The problem with the distance approach is that it is very simplistic – it doesn’t take into account any sort of evolutionary model of change, and it assumes that all mutations are equally likely. The first problem (the evolutionary model) cannot be addressed by distance methods – but we can tweak the distance method by applying a Mutation Model to provide information with regards to mutation.

Mutational Models

There are several models of mutation that can be added to the distance method. The simple method above, where all mutations are assumed to be equally likely, is called the Jukes-Cantor method. The most popular model is the Kimura 2-parameter model, which assigns different values for transitions () and transversions ():

This looks like a Markov model, doesn’t it? That’s because it is – a simple, 2 parameter Markov model for evolution that is used to weight the calculations when generating the distance matrix from MSA.

It is important to note that substitutions are the only element in the MSA that distance phylogeny takes into account – indels are disregarded. Yet another reason why the distance method is “simple” – and ultimately less accurate at recreating the actual evolutionary paths. Let’s move on to a method that does attempt to recreate the actual evolutionary history of the species (more commonly referred to as “taxa”) in question.


MAXIMUM PARSIMONY

Parsimony is defined as “the scientific principle that things are usually connected or behave in the simplest or most economical way, especially with reference to alternative evolutionary pathways.” Maximum parsimony, then, means maximizing that simplicity. What parsimony algorithms are designed to do is to recreate the actual evolutionary history of the organisms being analyzed with relation to each other in a fashion that minimizes the number of steps required to traverse the entire tree – meaning minimizing the number of evolutionary changes.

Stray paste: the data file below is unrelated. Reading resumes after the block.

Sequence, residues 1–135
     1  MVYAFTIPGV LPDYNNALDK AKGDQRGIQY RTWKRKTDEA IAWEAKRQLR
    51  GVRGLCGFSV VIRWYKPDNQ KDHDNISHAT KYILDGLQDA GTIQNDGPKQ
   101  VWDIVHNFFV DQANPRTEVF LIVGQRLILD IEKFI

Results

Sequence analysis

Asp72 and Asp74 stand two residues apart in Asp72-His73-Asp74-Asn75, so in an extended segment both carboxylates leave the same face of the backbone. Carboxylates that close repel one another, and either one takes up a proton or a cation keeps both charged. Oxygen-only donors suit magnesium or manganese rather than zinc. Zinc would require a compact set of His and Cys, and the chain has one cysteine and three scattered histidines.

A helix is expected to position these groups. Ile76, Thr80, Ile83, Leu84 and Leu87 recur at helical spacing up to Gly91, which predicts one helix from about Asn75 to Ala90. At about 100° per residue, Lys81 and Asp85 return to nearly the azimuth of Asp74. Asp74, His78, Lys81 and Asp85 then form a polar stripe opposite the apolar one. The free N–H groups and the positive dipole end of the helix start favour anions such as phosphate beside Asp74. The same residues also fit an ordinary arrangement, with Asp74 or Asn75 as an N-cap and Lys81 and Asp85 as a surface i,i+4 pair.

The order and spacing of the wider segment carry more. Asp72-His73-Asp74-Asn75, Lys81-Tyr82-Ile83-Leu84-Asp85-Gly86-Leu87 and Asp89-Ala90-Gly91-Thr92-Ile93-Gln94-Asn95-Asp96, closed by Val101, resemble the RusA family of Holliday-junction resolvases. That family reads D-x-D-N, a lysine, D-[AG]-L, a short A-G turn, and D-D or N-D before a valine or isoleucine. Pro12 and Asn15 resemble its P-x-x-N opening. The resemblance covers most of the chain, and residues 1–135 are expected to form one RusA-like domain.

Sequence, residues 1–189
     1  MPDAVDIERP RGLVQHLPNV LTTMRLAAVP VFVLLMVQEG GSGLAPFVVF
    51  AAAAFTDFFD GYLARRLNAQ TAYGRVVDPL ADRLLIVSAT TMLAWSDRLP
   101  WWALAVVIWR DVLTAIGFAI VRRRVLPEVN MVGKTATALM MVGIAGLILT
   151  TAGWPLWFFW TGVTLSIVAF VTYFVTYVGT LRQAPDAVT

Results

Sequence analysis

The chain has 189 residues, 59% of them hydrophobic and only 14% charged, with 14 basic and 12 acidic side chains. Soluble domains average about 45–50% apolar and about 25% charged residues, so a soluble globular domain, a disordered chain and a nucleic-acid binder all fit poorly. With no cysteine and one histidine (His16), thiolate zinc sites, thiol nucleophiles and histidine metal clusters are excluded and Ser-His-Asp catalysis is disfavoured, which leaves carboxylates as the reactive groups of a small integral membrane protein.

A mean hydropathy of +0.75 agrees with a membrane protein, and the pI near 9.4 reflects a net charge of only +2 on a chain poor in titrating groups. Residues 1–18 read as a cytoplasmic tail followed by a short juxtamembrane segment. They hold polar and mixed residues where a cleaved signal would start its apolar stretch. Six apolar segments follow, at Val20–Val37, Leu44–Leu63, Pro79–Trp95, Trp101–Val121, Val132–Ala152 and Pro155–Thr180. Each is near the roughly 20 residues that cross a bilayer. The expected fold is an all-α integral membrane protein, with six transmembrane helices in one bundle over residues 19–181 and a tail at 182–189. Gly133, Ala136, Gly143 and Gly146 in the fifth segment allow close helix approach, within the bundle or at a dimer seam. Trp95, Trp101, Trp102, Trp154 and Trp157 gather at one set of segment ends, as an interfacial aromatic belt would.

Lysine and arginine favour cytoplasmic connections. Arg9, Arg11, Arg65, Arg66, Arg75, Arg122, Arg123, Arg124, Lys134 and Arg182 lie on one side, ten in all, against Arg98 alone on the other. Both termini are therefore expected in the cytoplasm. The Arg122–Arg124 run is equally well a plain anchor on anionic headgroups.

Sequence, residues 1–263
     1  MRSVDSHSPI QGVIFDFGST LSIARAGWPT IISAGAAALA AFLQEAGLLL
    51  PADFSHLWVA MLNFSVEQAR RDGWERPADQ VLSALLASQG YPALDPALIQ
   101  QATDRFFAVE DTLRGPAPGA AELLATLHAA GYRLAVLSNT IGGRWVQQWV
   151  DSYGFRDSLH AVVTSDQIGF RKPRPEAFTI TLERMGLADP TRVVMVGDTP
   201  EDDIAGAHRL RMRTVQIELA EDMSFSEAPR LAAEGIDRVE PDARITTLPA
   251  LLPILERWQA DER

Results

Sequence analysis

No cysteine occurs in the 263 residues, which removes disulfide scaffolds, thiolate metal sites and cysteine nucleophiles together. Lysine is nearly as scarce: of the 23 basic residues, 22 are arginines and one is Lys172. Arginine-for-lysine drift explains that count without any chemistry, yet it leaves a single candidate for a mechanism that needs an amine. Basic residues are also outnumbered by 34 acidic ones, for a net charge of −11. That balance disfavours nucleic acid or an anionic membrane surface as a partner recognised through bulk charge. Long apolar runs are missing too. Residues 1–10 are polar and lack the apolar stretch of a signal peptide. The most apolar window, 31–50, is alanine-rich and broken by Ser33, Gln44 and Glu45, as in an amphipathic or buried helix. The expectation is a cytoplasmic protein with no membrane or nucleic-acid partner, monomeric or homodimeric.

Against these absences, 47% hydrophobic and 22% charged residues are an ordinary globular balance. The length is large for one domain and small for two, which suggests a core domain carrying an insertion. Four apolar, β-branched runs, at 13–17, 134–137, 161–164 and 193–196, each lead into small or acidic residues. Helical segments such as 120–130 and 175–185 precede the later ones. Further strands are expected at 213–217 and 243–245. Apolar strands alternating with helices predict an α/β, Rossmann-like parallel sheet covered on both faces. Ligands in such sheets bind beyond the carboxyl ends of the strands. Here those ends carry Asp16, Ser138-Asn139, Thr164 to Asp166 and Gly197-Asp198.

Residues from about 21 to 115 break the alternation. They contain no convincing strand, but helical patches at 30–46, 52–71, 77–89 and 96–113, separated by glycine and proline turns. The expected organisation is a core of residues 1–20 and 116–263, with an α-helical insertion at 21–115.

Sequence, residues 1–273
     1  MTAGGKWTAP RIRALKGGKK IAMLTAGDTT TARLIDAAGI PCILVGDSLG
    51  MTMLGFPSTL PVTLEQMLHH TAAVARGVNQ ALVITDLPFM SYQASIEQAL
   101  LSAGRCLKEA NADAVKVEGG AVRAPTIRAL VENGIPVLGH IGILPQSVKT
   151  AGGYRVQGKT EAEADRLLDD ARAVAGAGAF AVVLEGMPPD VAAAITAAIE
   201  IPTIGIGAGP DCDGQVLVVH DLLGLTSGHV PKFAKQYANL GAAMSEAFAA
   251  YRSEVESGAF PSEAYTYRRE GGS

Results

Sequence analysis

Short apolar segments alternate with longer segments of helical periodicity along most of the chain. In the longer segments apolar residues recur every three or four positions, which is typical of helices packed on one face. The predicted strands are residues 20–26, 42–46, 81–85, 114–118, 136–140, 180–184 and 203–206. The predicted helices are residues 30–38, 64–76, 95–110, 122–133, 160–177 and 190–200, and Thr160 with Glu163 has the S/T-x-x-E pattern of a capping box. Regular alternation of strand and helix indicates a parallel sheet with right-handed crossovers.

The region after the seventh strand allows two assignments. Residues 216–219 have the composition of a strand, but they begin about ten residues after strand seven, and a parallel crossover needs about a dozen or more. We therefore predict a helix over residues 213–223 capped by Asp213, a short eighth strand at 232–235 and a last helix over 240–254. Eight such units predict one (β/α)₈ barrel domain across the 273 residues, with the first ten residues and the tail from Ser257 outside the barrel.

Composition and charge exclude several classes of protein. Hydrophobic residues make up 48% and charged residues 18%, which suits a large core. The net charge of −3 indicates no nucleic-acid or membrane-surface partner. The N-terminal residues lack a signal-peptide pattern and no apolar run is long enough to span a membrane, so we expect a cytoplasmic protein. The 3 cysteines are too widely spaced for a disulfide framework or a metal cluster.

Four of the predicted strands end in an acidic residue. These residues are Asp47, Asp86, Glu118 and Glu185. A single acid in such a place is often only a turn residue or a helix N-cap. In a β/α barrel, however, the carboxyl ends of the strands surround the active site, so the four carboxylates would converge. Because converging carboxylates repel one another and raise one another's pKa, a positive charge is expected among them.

The information that parsimony algorithms use to infer the evolutionary history are informative sites. These are columns in the alignment that have more than one character (e.g., A as well as C), each of which has to appear more than once. They are called informative because by having that similarity to at least one other sequence, they help inform the process of inferring the ancestral states at the nodes of the tree. You should recall that the tips of a phylogenetic tree are the currently extant taxa; the root is the common ancestor, and the middle nodes represent the species that existed at one time but are now extinct. These ancestral node sequence states are inferred using the informative sites.

We aren’t going to spend too much time on maximum parsimony here, since the statistics involved are not complex and involve the same sort of substitution models that distance methods do; I do want to point out that computationally, these methods have to be heuristic rather than exhaustive – there are too many possible trees once you have, say, 30 taxa, to look at all possible tree configurations[footnoteRef:2], so these algorithms take a variety of shortcuts to find a “best” tree – primarily branch swapping to see if more parsimonious trees (with fewer steps, or changes, required) can be found. [2: See https://rdrr.io/cran/ape/man/howmanytrees.html for an example including code you can use to calculate it!]

Let’s move on to a more statistically-oriented method – Maximum Likelihood.


MAXIMUM LIKELIHOOD

Maximum Likelihood was, for a long time, considered the “third” method of building trees (after distance and parsimony). As you may have guessed, it’s based on the statistical concept of maximum likelihood estimation, or MLE. MLE estimates the parameters of a probability distribution by maximizing a likelihood function such that the observed data is most probable (or likely). A simpler way of saying this is that MLE evaluates parameters (e.g., a phylogenetic tree structure) and determines how likely it is that those parameters derive from the given data (e.g., sequence data). This sounds backwards – you start with a tree, then calculate the probability that the tree “fits” the data – but it’s actually very little different from the heuristic branch swapping that happens in a parsimony analysis, where the tree is modified to see if it fits better. We can define this as: